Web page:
Major Oscar disappointment for main Irish contender, The Banshees of Inisherin
THERE was major disappointment for the main Irish contender for Oscar success after The Banshees of Inisherin went home empty-handed.
Despite nine nominations and hailed as the most Oscar-nominated Irish film ever, Martin McDonagh’s dark comedy failed to secure any wins on Sunday night.
All four of the film’s main stars; Colin Farrell, Brendan Gleeson, Barry Keoghan and Kerry Condon had received top acting nods, alongside McDonagh for best director and original screenplay.
But it was Everything, Everywhere All At Once and All Quiet On The Western Front that were the night’s big winners.
Despite the disappointment, McDonagh said it had been a "crazy" time in the lead-up to the Academy Awards in Los Angeles.
Speaking during the pre-Oscar champagne carpet event, he said: "It’s done (well) all over the world, it’s kind of strange for a small-ish Irish film to have done all that, but we like it."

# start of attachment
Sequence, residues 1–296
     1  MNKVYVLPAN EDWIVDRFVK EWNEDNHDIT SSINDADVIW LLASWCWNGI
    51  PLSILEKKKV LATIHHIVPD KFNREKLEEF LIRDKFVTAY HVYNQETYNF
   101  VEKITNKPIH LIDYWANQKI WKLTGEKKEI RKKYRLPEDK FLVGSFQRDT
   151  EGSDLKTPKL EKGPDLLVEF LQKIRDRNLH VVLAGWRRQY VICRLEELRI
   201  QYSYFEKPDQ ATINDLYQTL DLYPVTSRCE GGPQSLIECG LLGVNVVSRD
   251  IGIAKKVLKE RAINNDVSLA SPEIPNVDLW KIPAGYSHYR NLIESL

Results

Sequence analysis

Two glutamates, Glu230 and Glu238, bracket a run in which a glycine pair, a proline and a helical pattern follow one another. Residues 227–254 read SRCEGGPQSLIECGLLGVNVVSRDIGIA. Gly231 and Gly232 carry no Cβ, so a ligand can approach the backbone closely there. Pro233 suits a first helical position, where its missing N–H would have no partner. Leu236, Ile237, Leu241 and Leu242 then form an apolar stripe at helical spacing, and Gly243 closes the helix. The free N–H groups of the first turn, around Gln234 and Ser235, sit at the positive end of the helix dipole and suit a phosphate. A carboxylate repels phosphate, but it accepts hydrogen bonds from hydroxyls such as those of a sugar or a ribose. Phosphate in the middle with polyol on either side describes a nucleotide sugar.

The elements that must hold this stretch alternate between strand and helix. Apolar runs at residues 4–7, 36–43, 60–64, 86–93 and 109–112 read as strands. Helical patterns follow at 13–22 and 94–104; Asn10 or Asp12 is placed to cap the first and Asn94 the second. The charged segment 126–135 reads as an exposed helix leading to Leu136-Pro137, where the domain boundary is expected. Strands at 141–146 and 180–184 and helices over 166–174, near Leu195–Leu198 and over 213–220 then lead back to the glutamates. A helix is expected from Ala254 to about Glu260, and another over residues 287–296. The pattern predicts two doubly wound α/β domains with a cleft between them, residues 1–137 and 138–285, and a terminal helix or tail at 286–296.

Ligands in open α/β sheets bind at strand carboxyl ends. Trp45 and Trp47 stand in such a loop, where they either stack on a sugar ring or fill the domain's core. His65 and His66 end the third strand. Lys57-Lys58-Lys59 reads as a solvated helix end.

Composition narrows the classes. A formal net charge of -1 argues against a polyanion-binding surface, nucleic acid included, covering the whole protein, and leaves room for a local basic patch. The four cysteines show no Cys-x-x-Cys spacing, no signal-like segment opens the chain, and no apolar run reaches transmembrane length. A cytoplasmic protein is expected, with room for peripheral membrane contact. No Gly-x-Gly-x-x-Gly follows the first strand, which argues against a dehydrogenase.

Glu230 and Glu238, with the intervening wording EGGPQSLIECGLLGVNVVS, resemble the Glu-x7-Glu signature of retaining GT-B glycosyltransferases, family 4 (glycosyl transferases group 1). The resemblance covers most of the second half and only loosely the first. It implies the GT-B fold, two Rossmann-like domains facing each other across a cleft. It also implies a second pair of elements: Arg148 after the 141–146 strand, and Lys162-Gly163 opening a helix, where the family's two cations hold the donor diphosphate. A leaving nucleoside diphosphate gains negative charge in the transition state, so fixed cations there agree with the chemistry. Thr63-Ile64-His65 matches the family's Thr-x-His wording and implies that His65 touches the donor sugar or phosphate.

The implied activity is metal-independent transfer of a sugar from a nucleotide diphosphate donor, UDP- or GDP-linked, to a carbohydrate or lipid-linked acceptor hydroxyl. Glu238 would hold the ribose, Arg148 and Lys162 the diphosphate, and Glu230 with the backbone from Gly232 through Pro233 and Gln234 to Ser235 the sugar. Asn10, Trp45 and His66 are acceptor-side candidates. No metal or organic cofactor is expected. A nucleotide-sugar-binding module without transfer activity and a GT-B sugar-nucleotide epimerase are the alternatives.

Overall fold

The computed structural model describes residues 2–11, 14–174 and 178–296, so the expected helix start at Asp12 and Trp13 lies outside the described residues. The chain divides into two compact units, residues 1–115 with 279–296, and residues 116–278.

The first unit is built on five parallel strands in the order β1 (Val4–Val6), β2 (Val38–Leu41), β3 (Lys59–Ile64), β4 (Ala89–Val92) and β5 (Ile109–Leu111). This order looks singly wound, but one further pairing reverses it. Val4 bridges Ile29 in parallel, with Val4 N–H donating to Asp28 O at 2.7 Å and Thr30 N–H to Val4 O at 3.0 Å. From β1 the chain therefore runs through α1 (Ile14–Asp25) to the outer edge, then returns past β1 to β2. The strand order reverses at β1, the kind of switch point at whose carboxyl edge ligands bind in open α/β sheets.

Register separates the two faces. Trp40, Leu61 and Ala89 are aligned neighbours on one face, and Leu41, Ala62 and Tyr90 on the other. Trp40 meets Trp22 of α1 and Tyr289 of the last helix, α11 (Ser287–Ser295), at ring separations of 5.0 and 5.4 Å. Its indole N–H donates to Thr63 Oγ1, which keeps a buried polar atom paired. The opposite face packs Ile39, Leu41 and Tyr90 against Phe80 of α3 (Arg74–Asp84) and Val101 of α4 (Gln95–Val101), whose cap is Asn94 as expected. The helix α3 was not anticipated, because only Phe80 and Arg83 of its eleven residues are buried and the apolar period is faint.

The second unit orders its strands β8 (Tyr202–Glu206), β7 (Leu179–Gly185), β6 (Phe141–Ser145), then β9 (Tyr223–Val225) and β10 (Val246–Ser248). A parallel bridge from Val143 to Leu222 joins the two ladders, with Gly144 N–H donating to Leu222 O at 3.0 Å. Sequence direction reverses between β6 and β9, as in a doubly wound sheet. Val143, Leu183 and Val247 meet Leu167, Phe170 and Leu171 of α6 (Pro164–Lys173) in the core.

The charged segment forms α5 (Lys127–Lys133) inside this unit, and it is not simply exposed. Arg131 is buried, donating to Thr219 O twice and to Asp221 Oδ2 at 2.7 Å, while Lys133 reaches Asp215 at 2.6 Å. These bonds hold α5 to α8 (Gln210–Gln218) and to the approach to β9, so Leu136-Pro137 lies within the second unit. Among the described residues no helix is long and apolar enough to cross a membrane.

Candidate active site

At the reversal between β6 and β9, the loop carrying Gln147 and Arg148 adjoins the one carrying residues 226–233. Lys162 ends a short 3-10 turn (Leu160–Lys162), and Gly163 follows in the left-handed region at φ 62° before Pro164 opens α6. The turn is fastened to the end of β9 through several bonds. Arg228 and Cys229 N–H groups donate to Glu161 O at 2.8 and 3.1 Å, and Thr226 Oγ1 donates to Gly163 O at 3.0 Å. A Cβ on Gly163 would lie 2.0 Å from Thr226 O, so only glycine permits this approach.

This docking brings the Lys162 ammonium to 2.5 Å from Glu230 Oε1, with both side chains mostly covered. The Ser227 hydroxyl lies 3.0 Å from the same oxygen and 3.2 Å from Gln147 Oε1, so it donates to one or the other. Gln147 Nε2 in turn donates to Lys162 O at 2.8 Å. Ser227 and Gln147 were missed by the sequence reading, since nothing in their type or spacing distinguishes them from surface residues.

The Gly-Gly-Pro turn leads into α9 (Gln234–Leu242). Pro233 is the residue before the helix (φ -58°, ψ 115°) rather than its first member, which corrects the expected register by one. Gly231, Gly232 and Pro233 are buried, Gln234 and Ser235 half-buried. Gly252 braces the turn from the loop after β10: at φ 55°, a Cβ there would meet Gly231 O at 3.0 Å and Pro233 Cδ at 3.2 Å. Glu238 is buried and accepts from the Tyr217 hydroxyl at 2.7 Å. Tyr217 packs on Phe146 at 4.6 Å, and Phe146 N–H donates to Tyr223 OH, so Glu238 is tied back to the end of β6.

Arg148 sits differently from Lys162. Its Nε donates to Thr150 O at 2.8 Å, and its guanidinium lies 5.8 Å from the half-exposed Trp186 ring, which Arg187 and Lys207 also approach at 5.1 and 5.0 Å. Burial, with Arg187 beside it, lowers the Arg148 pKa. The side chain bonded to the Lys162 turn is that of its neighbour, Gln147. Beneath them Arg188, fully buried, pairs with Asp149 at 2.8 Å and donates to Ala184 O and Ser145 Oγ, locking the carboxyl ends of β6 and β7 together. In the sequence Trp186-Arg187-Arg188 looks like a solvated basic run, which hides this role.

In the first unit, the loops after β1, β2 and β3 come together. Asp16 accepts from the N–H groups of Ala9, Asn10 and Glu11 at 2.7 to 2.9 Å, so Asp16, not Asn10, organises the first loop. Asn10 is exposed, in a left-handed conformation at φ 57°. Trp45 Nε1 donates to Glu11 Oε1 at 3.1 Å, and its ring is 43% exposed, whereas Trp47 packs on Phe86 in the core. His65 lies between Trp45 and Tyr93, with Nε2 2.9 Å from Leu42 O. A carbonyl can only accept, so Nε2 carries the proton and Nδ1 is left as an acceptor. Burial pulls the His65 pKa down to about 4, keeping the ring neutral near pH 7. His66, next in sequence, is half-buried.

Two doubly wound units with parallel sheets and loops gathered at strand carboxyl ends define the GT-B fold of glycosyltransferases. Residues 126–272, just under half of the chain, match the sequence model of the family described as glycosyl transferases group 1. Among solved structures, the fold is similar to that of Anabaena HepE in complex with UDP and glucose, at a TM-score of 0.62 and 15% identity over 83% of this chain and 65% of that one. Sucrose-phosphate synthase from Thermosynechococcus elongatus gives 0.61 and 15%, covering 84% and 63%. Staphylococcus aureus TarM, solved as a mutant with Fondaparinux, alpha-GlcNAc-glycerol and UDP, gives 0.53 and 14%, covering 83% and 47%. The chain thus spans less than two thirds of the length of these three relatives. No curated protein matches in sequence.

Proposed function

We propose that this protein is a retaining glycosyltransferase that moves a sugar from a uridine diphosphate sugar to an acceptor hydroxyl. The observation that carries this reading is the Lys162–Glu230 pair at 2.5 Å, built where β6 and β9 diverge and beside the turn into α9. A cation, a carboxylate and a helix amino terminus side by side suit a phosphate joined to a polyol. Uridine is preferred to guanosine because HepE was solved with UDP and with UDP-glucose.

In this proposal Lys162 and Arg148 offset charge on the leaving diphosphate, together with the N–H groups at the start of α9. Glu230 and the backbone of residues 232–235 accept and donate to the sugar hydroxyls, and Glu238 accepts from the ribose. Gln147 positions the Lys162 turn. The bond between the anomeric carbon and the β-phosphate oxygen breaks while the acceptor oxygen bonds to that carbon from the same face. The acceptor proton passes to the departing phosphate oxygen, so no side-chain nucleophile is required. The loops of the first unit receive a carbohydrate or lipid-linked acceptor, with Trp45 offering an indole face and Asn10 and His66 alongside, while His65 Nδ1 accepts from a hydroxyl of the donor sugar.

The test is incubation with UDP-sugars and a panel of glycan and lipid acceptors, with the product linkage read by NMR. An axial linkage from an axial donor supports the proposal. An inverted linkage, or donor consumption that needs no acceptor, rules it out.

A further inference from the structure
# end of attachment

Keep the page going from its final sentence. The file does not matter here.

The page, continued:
An Cailín Ciúin, which was nominated for best international film, also missed out on the award, which went to All Quiet on the Western Front.
As well as the Oscar win for An Irish Goodbye, there was success for Dubliner Richard Baneham, who was among those who won one of the coveted gongs for visual effects for Avatar: The Way Of Water.
President Michael D Higgins said it had been a "remarkable" year for the Irish film industry.
"May I congratulate An Irish Goodbye and Richard Baneham for their fantastic achievements in winning the Best Live-Action Short Film and Best Visual Effects Awards respectively at last night's Oscars ceremony," he said.
"May I further extend my congratulations to Colin Farrell, Paul Mescal, Kerry Condon, Brendan Gleeson, Barry Keoghan, Jonathan Redmond and all involved with An Cailin Ciuin and The Banshees Of Inisherin for the exceptional recognition of their work which being nominated for an Academy Award constitutes.
"This has been a remarkable year for the Irish film industry and is a testament to the hard work of so many people over recent decades.
"It is particularly welcome to see the recognition which the Irish film industry is receiving on what is the 30th anniversary of the reestablishment of Bord Scannan na hEireann/the Irish Film Board, now Screen Ireland, in 1993.
"The success which we are seeing is built on the acquisition of skills and pursuit of excellence by all in the Irish film community."